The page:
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Recent protests in the Middle East have shown the necessity for restraint

Last week, freedom of speech became one of the primary talking points during the U.N. General Assembly in a wake of a series of violent protests following the publication of an anti-Islam video on YouTube. This video led to the death of Chris Stevens, the U.S. ambassador to Libya, as well as a cartoon in a French satirical magazine containing lewd photos of the Prophet Mohammed.

While President Barack Obama decried the video as “crude and disgusting,” he used his address as an opportunity to defend the First Amendment, claiming that, “in a diverse society, efforts to restrict speech can become a tool to silence critics, or oppress minorities.”


The leaders of Muslim countries, meanwhile, argued that freedom of expression is no excuse for blatantly hateful speech.

Abd Rabbo Mansour Hadi, the president of Yemen, told the General Assembly that, “there should be limits for the freedom of expression, especially if such freedom blasphemes the beliefs of nations and defames their figures.”

Malaysian foreign minister Anifah Aman argued that it’s “time to dwell deeper into the heart of the problem and the real debate — the relationship between freedom of expression and social responsibilities, duties and obligations.”

While I agree wholeheartedly with Obama’s assertion that free speech is fundamental to a free society, as members of the media, I think Hadi and Aman’s arguments about social responsibility should be taken into account when we cover potentially inflammatory subjects, like “The Innocence of Muslims.”

In a column in the Columbia Journalism Review, Lawrence Pintak, the dean of the Edward R. Murrow College of Communication at Washington State University, argued that “the pen is mightier than the sword, but it is also far more lethal when manipulated irresponsibly.”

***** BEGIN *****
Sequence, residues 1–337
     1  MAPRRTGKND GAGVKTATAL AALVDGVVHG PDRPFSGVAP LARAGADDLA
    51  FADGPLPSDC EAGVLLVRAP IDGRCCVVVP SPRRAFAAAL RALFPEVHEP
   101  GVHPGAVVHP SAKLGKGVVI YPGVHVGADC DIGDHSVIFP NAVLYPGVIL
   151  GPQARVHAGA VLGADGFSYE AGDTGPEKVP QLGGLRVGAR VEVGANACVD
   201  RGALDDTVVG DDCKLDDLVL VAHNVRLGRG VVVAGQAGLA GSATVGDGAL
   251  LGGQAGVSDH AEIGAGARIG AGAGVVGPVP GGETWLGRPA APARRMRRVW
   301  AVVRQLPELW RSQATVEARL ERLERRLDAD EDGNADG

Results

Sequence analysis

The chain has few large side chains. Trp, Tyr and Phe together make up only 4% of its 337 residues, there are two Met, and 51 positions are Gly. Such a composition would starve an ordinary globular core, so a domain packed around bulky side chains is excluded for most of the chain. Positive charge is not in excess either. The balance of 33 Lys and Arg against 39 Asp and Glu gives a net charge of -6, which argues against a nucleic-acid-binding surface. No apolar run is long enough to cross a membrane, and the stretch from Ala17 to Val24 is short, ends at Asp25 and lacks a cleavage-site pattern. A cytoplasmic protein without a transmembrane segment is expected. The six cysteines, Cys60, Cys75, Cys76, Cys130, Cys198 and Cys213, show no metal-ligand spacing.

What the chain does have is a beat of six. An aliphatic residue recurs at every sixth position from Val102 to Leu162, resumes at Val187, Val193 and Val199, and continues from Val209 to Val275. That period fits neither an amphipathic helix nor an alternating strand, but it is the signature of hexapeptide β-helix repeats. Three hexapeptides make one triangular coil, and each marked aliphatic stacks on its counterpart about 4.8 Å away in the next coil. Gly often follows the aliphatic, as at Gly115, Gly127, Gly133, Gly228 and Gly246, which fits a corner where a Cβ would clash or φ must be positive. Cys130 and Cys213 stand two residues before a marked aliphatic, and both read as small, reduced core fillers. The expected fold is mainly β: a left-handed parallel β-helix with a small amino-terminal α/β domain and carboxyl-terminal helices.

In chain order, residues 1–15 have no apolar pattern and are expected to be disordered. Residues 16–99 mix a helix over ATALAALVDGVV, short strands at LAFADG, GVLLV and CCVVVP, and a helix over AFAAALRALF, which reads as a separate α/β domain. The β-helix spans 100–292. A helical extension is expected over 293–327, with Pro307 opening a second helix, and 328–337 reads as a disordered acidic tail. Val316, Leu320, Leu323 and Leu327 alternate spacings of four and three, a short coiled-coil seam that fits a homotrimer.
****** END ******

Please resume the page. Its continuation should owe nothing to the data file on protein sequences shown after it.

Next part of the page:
To me, this means that while as a society we should not have the right to prevent people like  Nakoula Basseley Nakoula (the filmmaker behind “The Innocence of Muslims”) from saying whatever they want, but as members of the media, we have an entirely different set of responsibilities in terms of how we follow up on it.

One of the key tenets of the Society of Professional Journalists Code of Ethics is to minimize harm. While nobody questions the notion that we shouldn’t report the names of sexual assault victims or publish the photos of fallen soldiers, the notion of not publishing an image or column simply because some might take offense is — rightfully — far more controversial.

The media’s job is to report the truth. And reporting the truth, and publishing a variety of dissenting voices about a variety of topics, will inevitably offend somebody. A free press would be absolutely pointless if it didn’t cause a little bit of offense, but by the same token, a press entirely focused on being offensive would also lose some of its usefulness.

“I’m not going into the streets with stones and Kalashnikovs,” the editor of Charlie Hebdo, the French magazine that published the images of Mohammed, told the Associated Press.


But by the same token, I’d argue that his comic clearly did not contribute to the public discourse, and he knew it wouldn’t. He was publishing it in spite of the violent protests around the world.

“… journalism is not supposed to be a firebomb,” Pintak wrote. “The goal is to inform, not inflame; to understand, not distort. Isn’t that what separates us from propaganda?”

Most media outlets have chosen to cover the protests without showing “The Innocence of Muslims” or reprinting the Charlie Hebdo cartoon.

Most outlets (except for Newsweek, which showed a very stereotypical photo of Muslim protesters with the headline “Muslim Rage: How I survived it, how we can end it”) have been sensitive in terms of how they portray the protests, and have added to the discussion after the events of the past couple of weeks.

Others — like Charlie Hebdo — have not been remotely intelligent about it, and while they have every right in the world to say what they did, did not contribute anything meaningful to the public discussion.

The pen is definitely mightier than the sword, and much like how you wouldn’t brandish your sword like an idiot, the pen also needs a little bit of restraint.

Editor in Chief Allison Sylte is a senior journalism major. Her column appears Mondays in the Collegian. She can be reached at or on Twitter @AllisonSylte.

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